News article created on 20 May 2021

We turn to CCTV as 'hit and run' drivers give it the hump

We're asking drivers to take much more care when crossing the 200-year-old hump-back bridges that span the nation’s canal network.

Photo of damaged hump bridge Bridge 166 bridge strike

We have installed CCTV to the Grade II listed bridge 166 on the Lancaster Canal to catch ‘hit and run’ motorists and other drivers not taking enough care when crossing the bridge.

Recouping the costs

Hump-back bridges, synonymous with Britain’s canal network, were built for the passage of horse-drawn carts, not for today’s modern vehicles and HGVs, who cause up to £1 million pounds of damage to bridges each year. The majority of accidents are ‘hit and run’, leaving us unable to recoup the cost of the damage from drivers’ insurers, and diverting vital funds away from work to conserve the nation’s waterways.

We're hitting back at irresponsible drivers by installing a CCTV sensor at an accident hump-back hot spot on the Lancaster Canal near Crooklands. Bridge 166 has been hit seven times in the last ten years, costing the Trust nearly £100k to repair and inconveniencing other motorists and the local community.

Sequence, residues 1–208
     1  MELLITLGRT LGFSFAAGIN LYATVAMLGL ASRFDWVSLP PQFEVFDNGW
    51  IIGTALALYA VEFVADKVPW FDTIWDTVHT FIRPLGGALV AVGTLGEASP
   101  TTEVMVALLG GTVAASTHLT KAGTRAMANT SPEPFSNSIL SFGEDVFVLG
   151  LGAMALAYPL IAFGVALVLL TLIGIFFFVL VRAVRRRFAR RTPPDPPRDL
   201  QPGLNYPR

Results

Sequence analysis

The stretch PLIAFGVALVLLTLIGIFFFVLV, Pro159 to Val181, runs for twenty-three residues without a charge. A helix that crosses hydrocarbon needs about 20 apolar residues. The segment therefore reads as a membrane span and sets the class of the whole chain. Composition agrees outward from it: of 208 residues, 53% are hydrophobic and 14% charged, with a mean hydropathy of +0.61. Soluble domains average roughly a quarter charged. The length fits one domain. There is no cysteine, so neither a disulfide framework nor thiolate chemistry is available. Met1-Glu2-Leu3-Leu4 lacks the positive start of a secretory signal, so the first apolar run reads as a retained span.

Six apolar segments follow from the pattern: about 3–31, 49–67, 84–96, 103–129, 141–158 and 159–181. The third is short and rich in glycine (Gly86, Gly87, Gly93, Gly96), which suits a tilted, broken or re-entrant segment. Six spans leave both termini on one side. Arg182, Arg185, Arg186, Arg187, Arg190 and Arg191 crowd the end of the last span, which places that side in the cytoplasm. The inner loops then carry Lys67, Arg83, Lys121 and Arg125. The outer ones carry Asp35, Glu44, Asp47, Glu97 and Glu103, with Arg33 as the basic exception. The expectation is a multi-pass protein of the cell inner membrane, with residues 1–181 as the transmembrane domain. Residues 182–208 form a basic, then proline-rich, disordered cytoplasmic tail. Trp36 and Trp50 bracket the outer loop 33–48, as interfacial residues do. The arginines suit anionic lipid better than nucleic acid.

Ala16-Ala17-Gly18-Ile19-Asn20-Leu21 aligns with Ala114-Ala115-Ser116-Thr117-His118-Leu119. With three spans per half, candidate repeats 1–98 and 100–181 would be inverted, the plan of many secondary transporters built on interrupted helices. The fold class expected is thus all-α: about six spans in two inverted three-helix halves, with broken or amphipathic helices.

Crooklands Bridge was built as part of the final stage of construction of the mainline of the Lancaster Canal when it was extended from Tewitfield to Kendal in 1819. Built by engineer Thomas Fletcher, it is Grade II listed. We've re-routed the Milnthorpe to Crooklands road to make construction easier, but this resulted in a sharp turn to get onto the bridge and consequently the bridge parapet is frequently struck by large vehicles when drivers do not take enough care.

Respecting the weight limit

Bill Froggatt, our heritage advisor, said: “The Lancaster Canal has the most bridge strikes across the whole of our 2,000 miles of waterways. We have taken the unusual step to install the sensor to bridge 166 as it has been repeatedly hit by vehicles over the last few years. Bridges such as this are such an important part of the canal’s character and the area’s heritage. Each time a bridge is hit a small bit of history is lost. 

“If motorists just slowed down a bit and paid more attention, they would save a lot of cost and aggravation. It’s also important that people respect the weight limit of the bridge and, if they exceed it, then we’d ask them to please find an alternative route.  If it is a success, we’ll look to install similar sensors to other hump-back accident hot spots.”